I chose to protect the vote rather than campaign for a candidate this year.
I was fortunate to be hired by NAACP LDF, an organization I deeply love, to do nonpartisan voter education as part of their Prepared to Vote campaign. And so I'm in Texas with the nation's greatest civil rights firm--one that has been in the thick of most significant civil rights cases through the decades.
Why protect the vote? Though voting is a right, not a privilege, the vote remains far from universal. One hundred years ago, I would not have had the right to vote. Just over fifty years ago, my African-American brothers and sisters effectively did not have the right to vote. In 1965, Congress passed the Voting Rights Act, re-authorizing it most recently in 2006 by a commanding bipartisan majority. From its inception, the VRA immediately reduced racial discrimination in the franchise and has been one of the most powerful engines of democracy that our country has ever seen.
It worked...too well. Three years ago, the Supreme Court issued a decision called Shelby County v. Holder that gutted the Act. A key provision, Section 5, had required "covered" jurisdictions--those with a documented history of discrimination--to "preclear" new provisions that would impact citizens' ability to access the vote. Preclearance could be accomplished either in federal district court or by application to the Justice Department. But in this decision, the Court essentially said that success in accessing the franchise had rendered preclearance unnecessary and unconstitutional. The Court cited Congress' overwhelming support of the Act as evidence in favor of deactivating it. And so the Court struck down Section 5. Justice Ginsburg trenchantly observed that the court's choice was much like throwing away an umbrella in a rainstorm because you aren't getting wet.
Time has proven her right. Immediately after Shelby, several states passed restrictive laws impacting access to the vote that Section 5 no longer blocks. Another VRA provision, Section 2, enables parties to sue in court when discrimination occurs. But that means voters must first be harmed--and the road of litigation is incredibly long.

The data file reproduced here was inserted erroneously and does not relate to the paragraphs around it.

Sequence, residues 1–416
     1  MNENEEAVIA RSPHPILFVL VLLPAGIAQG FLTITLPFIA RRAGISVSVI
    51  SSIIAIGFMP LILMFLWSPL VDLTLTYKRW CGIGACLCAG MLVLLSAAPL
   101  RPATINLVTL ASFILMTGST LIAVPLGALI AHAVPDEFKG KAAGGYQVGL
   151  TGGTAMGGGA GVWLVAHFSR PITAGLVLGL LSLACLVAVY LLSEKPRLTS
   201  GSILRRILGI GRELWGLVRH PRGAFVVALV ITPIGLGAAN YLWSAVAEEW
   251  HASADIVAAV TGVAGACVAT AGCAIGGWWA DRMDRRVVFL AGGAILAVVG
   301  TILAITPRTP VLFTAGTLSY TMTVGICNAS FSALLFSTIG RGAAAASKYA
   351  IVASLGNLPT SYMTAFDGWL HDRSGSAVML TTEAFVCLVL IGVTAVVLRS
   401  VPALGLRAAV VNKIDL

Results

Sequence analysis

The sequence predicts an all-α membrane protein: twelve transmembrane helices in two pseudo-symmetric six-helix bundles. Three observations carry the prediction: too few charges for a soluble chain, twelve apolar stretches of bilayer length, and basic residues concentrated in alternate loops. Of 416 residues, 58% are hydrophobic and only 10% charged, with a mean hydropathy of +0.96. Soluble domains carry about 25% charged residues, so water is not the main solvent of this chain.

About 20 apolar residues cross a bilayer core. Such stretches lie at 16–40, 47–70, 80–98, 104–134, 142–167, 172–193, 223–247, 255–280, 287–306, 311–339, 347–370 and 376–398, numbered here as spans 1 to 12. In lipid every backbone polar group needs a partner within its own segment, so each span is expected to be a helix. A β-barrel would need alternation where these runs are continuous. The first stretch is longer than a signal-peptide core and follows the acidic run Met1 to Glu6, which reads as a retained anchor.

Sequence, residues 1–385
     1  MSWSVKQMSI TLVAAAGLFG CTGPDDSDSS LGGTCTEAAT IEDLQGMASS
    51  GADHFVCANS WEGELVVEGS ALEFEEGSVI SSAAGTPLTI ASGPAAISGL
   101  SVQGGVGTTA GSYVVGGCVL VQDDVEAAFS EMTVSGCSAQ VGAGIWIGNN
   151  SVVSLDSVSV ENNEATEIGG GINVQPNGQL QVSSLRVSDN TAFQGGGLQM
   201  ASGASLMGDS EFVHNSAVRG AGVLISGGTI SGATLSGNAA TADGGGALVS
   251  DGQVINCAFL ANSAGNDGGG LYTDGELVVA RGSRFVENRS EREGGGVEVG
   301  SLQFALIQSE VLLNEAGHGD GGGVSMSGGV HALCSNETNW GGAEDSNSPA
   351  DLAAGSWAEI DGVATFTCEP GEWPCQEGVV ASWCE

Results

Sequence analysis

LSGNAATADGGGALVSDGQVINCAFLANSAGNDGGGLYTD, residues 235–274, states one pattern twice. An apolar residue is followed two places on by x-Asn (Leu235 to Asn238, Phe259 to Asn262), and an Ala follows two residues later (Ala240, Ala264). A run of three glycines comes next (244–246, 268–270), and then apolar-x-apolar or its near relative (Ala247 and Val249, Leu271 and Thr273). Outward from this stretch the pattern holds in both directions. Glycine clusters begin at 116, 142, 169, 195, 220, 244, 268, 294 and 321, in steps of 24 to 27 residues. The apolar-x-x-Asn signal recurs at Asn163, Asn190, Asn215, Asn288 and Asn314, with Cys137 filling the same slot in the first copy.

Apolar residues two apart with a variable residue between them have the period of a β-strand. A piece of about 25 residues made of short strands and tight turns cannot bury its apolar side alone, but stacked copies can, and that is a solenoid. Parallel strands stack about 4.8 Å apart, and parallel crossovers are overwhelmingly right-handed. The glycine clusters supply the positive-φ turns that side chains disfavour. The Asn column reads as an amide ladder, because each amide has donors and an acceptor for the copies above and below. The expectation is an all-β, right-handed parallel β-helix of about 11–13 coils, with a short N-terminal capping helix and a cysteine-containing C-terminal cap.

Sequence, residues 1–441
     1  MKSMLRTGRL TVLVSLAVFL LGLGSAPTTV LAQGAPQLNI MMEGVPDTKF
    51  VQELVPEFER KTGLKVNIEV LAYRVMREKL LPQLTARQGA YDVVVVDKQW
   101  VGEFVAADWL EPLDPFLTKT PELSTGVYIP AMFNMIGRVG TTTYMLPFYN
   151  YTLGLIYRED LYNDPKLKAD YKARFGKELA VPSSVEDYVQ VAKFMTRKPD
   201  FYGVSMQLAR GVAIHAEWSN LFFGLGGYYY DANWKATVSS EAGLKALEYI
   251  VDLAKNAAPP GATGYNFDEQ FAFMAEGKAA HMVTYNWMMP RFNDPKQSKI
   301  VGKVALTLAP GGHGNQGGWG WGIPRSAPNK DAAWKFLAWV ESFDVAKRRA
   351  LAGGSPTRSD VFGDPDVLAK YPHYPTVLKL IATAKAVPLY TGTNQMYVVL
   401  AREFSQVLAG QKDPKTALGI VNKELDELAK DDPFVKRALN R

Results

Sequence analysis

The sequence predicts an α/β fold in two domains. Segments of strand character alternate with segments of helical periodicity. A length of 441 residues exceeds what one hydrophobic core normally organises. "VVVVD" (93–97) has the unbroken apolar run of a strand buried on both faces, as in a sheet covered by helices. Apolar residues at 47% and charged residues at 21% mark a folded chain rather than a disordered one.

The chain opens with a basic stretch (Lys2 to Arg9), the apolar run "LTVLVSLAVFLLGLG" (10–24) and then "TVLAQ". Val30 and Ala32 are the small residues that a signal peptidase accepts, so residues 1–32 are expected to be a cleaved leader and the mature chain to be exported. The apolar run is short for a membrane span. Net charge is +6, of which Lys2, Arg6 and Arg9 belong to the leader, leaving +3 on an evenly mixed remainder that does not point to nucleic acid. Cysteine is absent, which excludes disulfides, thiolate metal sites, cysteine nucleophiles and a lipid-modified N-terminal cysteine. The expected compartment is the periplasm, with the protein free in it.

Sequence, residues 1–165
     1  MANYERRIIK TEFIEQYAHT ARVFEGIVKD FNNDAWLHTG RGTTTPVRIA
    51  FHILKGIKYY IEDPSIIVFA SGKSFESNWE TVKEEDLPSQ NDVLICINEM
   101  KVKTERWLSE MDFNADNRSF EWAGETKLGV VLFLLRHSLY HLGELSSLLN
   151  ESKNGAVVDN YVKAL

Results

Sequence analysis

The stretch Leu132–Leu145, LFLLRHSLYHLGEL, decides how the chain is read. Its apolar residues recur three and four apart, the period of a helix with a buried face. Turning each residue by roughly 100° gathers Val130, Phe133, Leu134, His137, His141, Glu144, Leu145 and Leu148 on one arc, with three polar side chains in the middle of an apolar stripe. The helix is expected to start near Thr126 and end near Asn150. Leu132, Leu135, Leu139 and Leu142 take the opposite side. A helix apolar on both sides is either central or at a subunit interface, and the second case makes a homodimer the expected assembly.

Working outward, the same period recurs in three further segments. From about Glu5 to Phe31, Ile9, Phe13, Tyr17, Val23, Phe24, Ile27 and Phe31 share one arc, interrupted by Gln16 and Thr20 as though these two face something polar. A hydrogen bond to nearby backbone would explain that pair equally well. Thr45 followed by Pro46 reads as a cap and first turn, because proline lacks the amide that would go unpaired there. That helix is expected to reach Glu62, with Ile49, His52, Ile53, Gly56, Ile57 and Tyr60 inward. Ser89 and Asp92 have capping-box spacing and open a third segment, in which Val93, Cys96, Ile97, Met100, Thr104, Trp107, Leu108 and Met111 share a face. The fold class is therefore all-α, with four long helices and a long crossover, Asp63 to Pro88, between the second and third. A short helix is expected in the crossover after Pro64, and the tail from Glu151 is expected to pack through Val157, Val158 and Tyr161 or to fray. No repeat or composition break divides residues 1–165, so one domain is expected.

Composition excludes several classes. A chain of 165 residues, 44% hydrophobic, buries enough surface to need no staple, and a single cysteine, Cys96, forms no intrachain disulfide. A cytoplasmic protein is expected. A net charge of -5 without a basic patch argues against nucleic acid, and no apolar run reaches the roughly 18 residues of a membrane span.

Meanwhile, citizens' rights are violated in sometimes shockingly clear ways. For example, in reviewing a North Carolina law, the Fourth Circuit Court of Appeals found that "in what comes as close to a smoking gun as we are likely to see in modern times, the State's very justification for a challenged statute hinges explicitly on race--specifically its concern that African Americans, who had overwhelmingly voted for Democrats, had too much access to the franchise." The opinion relied on record evidence that legislators had requested data on which groups most frequently used which forms of ID--then surgically targeted the law to impact poor people and people of color.
Court action halted this law, but only after years of litigation, an adverse district court decision, and an incredible expenditure of resources. It's not possible to meet every act of unjust infringement with this type of concerted action. And so the shadow of Shelby stretches long and dark over our claim to free and fair elections.
In Texas, LDF sued to block a highly discriminatory photo ID law in the case of Veasey v. Abbott. And they won in the Court of Appeals. But the victory was so recent that incorrect information--creating a standard that eliminates many eligible voters from casting their ballots--persists in many polling locations across the state. LDF is boots-on-the-ground working to remedy that, and so I'm here in Dallas.
But for me, the work here runs yet deeper than that. I'll be working in precincts with large populations of African-American voters. I came here so that my presence could say to these voters, my fellow citizens: your vote, your thoughts, and your presence are critically important to the country we share. I'm here to support you, in any way I can, as you exercise your birthright: the vote.
We can't ever forget that people marched, fought, and died for the right to vote. Together with the peaceful transition of power, free and fair elections are what enable our often-fragile democracy to survive. Infringement of the right to vote is intolerable to me, especially when the rights being infringed belong to the people whose forebears paid for the VRA with their own blood.
It seems that inclusiveness is threatening and frightening to many in our country. It shouldn't be. The steady march of American history has traveled on consistently in that direction, sometimes in fits and starts, sometimes with one step forward, two back. But ever on, with a country made ever stronger by its broader shoulders. Those of us who strive for inclusiveness fear exclusion and persecution more than we fear over-inclusion. And I believe we are on the right side of history.
Miles to go before we sleep. But we'll get there.